Since Basildon council in the UK announced its intention to forcibly evict the 86 families living on the Dale Farm site in Essex, there has been growing international opposition to such evictions.

A letter, from an UN convened International Expert Group Meeting on Forced Evictions  and signed by representatives from over 30 countries, was received by the residents of Dale Farm. It stated that "Repressive policies targeting Gypsies and Travellers disguised as planning regulations are discriminatory, whilst inclusive national strategies that are in line with human rights standards generate real progress in addressing issues of exclusion and marginalisation."

On Friday the 16th of September, a protest organised by Minchéirs Whiden (Ireland’s Traveller only forum) took place outside the British Embassy in Dublin.  This was a lively protest with plenty of chanting. There appeared to be good support from passersby.   A good crowd of about 30 people gathered to voice their concerns at the approach adopted by the council and the threat to evict all Travellers from the Dale Farm site.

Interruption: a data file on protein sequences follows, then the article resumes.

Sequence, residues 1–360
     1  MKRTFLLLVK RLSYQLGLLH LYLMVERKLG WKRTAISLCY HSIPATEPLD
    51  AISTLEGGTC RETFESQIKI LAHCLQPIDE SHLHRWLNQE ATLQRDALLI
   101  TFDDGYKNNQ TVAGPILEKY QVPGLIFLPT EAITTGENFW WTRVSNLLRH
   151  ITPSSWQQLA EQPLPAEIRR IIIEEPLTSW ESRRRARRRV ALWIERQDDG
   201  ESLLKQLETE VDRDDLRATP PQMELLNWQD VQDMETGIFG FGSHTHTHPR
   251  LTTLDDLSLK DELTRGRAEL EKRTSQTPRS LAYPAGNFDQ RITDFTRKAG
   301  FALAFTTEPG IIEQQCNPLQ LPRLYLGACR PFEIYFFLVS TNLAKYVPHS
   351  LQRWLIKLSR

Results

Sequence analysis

Hannagh McGinley, a Traveller and Educator, handed a letter of protest from Minchéirs Whiden in to the Embassy.

Dale farm started life in the 1960’s when a group of Travellers bought the former scrap yard and sought permission to build 40 houses.  Since that time permission was sought to build more houses, but having been refused, the houses were built anyway.

To date, the council have set aside £18 million to bulldoze the site and place 1000 people on the side of the road.  The cost compares to the total budget in the UK of less than £30m to provide Travellers with halting site facilities in 2010.

In a pattern which we have seen repeated in Ireland, Traveller specific accommodation such as well provisioned halting sites have not been built. This has lead to an increase in the number of families coming to Dale Farm.  


Published: 12 July 2013